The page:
blasme des femmes: misogyny in the myth of patriarchy

Pravda: Soviet official meets with Hitler in 1940

Le blasme des femmes (The culpability of women) is medieval vernacular literature of men’s sexed protest. It’s scarcely understood or tolerated today. Many persons now believe that men ruling in patriarchy have brutally oppressed their wives, mothers, daughters and all other women throughout history. Belief in patriarchy and men’s brutality toward women has to explain away the literature of men’s sexed protest. Why have men throughout history cried out about the abuse, deceptions, and betrayals that they felt men suffer from women?

A man cannot withstand her guile
Once she has picked him for her wile;
Her will to power will prevail,
She vanquishes most any male.

Woman lives in constant anger,
Do I even dare harangue her? [1]

Patriarchy myth-makers dismiss men’s sexed protests as misogyny. While ruling over women, exploiting women, and controlling women as their own personal property, men complained bitterly about women simply because men hate women, according to the now dominant mythic view of men. Hate is a word for mobilizing social repression. Calling men’s sexed protest misogyny socially justifies repressing it.

A man who slanders women
Is a man I must condemn,
For a courtier whom one respects
Would never malign the opposite sex. [2]

As master narratives, patriarchy and misogyny are social obfuscation. The lives of men and women have always been intimately intertwined in successfully reproducing societies. Those aren’t plausible circumstances for absolute, hierarchical rule and hatred of the other. Men’s sexed protest doesn’t indicate misogyny. Patriarchy has no significance to most men. Men’s sexed protest, and the social suppression of it, reflect men’s social subordination and women’s social dominance.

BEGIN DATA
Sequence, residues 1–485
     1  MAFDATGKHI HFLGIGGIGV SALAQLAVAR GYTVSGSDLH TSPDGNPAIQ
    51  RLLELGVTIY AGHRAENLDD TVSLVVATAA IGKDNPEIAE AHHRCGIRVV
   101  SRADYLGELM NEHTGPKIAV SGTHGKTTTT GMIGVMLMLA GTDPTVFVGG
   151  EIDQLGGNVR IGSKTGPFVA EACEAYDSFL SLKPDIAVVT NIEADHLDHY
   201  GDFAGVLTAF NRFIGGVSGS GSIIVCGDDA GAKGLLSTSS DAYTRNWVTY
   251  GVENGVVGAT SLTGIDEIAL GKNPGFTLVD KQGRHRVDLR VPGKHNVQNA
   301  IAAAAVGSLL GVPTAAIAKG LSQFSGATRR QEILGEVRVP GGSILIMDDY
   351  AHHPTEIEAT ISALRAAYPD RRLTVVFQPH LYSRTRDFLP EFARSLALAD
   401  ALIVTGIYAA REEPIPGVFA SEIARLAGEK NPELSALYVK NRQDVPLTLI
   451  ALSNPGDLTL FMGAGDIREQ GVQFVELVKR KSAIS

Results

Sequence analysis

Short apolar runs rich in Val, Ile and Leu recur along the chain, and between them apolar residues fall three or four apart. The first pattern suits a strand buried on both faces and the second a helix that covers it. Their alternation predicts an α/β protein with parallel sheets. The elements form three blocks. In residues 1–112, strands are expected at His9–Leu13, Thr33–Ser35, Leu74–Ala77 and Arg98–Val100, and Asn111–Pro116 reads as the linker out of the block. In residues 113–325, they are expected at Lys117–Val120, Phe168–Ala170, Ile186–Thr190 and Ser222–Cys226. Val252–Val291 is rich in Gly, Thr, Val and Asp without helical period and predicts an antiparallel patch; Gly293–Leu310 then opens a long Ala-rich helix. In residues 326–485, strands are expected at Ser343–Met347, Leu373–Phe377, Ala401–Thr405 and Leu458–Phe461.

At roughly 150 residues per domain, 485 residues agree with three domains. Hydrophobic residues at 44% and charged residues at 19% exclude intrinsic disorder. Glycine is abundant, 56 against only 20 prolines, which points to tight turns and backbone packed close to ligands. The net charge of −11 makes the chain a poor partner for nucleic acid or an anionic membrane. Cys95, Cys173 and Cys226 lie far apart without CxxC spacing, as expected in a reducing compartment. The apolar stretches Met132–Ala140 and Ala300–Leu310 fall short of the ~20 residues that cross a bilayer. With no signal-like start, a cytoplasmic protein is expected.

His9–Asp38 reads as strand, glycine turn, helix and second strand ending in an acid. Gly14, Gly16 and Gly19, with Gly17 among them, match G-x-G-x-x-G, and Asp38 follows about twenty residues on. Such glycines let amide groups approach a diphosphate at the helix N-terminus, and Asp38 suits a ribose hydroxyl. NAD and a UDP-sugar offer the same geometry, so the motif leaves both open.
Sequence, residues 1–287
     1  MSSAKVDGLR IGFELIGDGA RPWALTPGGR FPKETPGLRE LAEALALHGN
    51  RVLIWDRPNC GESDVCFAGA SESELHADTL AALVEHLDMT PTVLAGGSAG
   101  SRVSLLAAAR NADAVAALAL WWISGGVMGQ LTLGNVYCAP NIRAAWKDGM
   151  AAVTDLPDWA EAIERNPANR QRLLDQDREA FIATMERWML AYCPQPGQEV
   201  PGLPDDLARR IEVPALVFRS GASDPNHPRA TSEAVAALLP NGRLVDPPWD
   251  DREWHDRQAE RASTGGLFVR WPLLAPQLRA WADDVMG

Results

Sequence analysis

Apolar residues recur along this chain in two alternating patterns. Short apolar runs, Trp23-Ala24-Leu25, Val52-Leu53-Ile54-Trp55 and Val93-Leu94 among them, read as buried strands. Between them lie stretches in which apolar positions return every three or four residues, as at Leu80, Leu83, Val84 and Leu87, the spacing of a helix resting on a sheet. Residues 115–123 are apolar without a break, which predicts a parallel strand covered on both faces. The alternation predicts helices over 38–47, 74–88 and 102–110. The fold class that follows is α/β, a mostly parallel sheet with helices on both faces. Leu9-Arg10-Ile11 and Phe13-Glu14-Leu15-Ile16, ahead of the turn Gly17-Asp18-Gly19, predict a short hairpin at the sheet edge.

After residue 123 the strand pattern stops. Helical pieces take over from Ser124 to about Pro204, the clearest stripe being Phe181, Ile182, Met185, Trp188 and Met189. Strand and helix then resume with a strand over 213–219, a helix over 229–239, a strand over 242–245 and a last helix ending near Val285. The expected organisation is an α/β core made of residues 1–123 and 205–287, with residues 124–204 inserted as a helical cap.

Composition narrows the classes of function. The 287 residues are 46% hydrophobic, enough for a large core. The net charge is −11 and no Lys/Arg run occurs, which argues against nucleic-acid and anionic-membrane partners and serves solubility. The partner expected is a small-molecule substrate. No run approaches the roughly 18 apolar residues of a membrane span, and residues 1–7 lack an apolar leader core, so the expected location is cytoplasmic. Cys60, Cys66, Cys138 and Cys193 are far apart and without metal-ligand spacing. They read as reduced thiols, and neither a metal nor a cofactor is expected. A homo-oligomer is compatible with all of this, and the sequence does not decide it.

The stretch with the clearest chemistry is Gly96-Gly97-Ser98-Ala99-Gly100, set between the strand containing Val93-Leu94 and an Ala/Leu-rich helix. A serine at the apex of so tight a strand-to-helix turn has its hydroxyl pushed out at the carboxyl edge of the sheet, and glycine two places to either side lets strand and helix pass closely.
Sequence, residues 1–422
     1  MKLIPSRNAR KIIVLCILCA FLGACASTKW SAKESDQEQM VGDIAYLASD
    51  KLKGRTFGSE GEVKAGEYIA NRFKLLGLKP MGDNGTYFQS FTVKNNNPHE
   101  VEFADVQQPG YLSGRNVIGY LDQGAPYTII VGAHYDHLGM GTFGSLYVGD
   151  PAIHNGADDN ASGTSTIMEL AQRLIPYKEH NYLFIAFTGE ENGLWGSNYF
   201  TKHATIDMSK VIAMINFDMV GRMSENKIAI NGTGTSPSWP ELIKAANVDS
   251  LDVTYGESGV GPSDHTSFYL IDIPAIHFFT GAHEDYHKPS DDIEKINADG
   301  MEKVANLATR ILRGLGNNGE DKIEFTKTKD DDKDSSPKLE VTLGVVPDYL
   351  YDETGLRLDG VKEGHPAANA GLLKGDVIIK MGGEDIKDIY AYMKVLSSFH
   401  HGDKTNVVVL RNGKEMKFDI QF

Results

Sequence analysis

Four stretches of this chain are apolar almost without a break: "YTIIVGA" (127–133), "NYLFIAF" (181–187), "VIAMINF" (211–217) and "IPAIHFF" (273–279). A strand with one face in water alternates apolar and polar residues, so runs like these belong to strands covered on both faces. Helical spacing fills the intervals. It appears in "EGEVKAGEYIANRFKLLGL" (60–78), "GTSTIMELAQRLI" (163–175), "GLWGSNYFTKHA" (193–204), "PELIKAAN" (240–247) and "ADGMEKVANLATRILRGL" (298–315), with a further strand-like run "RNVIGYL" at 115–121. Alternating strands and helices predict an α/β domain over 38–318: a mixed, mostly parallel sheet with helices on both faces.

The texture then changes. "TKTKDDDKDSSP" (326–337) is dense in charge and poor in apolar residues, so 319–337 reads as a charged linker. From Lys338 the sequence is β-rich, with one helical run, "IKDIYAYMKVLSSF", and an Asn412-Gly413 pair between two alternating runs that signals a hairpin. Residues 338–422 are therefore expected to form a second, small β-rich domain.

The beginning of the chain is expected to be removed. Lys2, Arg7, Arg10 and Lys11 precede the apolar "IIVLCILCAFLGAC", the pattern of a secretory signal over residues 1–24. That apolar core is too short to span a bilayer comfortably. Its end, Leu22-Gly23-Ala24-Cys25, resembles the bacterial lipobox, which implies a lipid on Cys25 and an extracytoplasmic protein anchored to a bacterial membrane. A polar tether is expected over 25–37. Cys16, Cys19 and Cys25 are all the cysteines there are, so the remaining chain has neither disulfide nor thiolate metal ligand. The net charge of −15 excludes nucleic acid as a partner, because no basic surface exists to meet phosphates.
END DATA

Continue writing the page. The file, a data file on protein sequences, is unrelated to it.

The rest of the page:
I would tell it clearly,
But all truths are not good to say. [3]

Today men are incarcerated for doing nothing more than having consensual sex and being too poor to fulfill their obligations of forced financial fatherhood. Through state-institutionalized undue influence, misrepresentations, and mis-service, forced financial fatherhood is imposed on many men without regard for the biological truth of paternity. Men face massive discrimination in child custody decisions, the criminalization of men’s sexuality is ever-expanding, the vastly disproportionate violence against men attracts no public concern, and men continued to be sex-selected for disposal in military service. Why aren’t more men protesting the privileges of women relative to men?

Therefore each man ought to honor
And value women above all. [4]

When men protest the sex-based injustices they suffer, gynocentric society generates quarrels about women, apologies for women, and defenses of women. Men’s servitude to women is deeply entrenched in European culture. Men historically have tended to understand their worth as persons in terms of defending women and children, and in providing resources to women and children. Women are superior to men in social communication. Women are the decision-makers for a large majority of consumer spending. In many high-income countries, women also make up the majority of voters by a larger margin than that which commonly decides major elections. Myths of patriarchy and misogyny work to keep men in their socially subordinate place.

There’s no clerk so shrewd,
Nor any other so worthy,
Who would want to blame women
Nor argue anything against them,
Unless he be of base lineage.
Because of this, they say nothing but good. [5]

Are women equally to blame for the evil done to men? The current dominant view is that the injustices done to men are all men’s fault. Blame patriarchy for the highly disproportionate suicides of men.  Blame patriarchy for the highly disproportionate incarceration of men. Blame “toxic masculinity” for men’s suffering. But don’t blame women. Say nothing but good about women.